Not to be confused with the album by Daft Punk.
While the CPU is a heart of a computer system, moving the data to and from and processing it as required, this data still needs to be held somewhere. That's where RAM comes into play. RAM stands for Random Access Memory — any place in the memory can be written at any time without having to wait. This contrasts with sequential access memory, where you have to rewind or fast-forward a tape or wait for a certain time to access data.
Most people simply call RAM "memory" now. It comprises the main operating part of the computer's storage hierarchy. Just as Clock Speed is misunderstood to be the only measure of Central Processing Unit power, capacity is thought to be the only important measurement in when it comes to Random Access Memory.
Memory is not all about capacity. Unless a system or game is idle, memory will not stay with the same data indefinitely. It's constantly moving data on and off the memory chips to handle the ever changing data. In other words, capacity is important, but so is how fast it can move data on and off the chip. In situations where the machine has to multitask (such as PCs, PlayStation 3, and Xbox 360), capacity can increase performance, but the returns diminish quickly (i.e., if you double the RAM, it might really boost performance, but if you double it again, it won't do much). More available RAM is helpful for storing more data that you wish to use immediately. It prevents more frequent access to the slower hard drive/DVD/Blu-Ray disk, which to a processor takes an eternity.
Like a CPU, memory speed is measured in Clock Speed in between latency. And latency tends to affect memory more than processors. This is because one also has to take into account the speed of the bus, the shared electrical pathway between components. With RAM embedded on the CPU die, there is a very short distance and a dedicated pathway that the bits can travel across, while RAM placed in other areas requires the bits to travel the shared bus, which may have other devices using it. This means factors such as the bus speed and the number of other devices requiring the bus can contribute to data-transfer latency. Even the physical length of the bus can become a non-trivial factor in how fast data can be moved in and out of RAM.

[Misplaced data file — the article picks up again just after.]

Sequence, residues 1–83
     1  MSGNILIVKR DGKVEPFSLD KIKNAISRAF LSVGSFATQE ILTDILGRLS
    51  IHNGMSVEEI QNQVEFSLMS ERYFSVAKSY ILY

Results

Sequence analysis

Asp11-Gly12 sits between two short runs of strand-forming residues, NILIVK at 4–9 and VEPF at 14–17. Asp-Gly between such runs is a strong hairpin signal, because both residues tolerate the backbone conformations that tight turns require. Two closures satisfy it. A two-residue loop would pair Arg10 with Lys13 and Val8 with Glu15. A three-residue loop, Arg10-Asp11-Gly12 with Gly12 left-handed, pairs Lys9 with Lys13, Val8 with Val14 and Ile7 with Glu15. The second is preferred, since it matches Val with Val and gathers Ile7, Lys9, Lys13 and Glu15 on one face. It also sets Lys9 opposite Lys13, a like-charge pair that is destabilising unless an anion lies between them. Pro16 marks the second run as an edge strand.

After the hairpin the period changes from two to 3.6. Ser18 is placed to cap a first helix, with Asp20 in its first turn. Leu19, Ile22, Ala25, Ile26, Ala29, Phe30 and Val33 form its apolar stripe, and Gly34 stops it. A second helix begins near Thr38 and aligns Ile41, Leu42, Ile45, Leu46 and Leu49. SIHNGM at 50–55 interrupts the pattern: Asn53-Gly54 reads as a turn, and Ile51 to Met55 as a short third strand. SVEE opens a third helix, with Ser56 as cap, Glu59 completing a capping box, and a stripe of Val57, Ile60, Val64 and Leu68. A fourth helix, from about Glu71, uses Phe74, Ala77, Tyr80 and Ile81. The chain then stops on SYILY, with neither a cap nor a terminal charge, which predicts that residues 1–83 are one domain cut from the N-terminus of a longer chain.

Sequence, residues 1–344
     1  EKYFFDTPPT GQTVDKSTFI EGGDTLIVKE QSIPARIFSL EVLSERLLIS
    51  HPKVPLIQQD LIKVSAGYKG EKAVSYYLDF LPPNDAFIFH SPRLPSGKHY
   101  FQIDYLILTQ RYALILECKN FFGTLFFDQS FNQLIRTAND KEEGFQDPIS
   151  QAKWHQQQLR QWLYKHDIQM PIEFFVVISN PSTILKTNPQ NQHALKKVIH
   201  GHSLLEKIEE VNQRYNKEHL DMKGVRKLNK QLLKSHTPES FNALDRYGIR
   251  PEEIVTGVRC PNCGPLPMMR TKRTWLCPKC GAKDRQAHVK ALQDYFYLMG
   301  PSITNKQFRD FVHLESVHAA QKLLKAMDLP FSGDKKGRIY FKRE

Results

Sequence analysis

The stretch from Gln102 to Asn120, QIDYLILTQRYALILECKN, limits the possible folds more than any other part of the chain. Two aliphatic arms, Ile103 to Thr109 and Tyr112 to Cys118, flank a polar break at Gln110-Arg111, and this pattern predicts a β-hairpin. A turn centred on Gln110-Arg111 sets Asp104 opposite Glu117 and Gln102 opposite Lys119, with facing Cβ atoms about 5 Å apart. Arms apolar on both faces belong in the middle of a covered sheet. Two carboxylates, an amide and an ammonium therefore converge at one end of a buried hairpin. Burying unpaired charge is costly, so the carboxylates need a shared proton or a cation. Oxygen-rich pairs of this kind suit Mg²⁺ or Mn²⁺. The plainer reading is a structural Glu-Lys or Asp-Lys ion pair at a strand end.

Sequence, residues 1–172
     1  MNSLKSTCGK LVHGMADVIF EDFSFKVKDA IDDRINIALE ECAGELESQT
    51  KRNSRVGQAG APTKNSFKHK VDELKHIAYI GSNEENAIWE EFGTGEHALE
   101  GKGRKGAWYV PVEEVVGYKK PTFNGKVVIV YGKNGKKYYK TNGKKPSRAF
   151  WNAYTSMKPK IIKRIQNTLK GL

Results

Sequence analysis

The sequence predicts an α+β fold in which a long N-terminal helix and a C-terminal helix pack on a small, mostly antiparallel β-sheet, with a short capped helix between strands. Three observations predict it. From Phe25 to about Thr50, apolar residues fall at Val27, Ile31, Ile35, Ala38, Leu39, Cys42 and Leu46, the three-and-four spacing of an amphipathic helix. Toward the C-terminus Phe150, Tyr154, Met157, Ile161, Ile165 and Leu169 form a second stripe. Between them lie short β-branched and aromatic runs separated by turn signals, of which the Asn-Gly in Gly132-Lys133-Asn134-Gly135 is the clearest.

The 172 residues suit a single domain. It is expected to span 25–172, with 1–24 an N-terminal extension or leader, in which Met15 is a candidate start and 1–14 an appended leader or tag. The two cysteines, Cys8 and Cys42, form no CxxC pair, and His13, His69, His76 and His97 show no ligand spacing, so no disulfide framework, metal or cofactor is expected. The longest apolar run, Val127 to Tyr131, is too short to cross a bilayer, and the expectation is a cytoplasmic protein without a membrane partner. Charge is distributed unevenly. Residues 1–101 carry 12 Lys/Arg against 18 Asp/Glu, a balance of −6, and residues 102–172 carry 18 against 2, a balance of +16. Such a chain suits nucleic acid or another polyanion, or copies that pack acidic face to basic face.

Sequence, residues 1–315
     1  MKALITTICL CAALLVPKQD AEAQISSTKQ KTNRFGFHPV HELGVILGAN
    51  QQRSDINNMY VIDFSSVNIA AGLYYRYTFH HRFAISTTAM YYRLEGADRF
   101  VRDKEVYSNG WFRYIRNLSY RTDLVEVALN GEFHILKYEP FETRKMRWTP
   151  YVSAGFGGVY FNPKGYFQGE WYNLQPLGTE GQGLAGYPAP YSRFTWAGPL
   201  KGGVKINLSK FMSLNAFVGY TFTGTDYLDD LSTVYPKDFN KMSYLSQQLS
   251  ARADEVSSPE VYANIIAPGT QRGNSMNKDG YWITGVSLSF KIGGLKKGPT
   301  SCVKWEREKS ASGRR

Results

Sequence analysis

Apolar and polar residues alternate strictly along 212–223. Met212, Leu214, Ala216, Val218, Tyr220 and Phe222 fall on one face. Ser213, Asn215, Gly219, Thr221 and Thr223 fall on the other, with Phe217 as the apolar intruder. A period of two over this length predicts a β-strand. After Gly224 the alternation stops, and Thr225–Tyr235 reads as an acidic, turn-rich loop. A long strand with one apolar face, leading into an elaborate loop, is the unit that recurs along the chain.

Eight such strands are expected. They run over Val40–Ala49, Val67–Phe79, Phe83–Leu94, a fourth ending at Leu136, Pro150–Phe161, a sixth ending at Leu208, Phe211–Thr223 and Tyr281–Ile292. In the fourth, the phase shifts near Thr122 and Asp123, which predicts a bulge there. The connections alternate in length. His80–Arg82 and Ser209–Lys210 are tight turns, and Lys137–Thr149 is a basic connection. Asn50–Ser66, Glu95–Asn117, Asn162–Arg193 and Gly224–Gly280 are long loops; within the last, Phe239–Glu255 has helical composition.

In addition to clock speed, latency, and capacity, memory is also measured in bandwidth. Bandwidth is the amount of data that flows between the processors and the memory. Bandwidth tends to have a much higher maximum capacity than the memory capacity, typically 500 to 1000 times greater. This is unlikely to ever be all used up (why bandwidth size is called a "theoretical maximum"; it could reach that maximum, in theory). It's just to ensure the smoothest running between the memory and processors. How these measurements compare depends on the type or memory.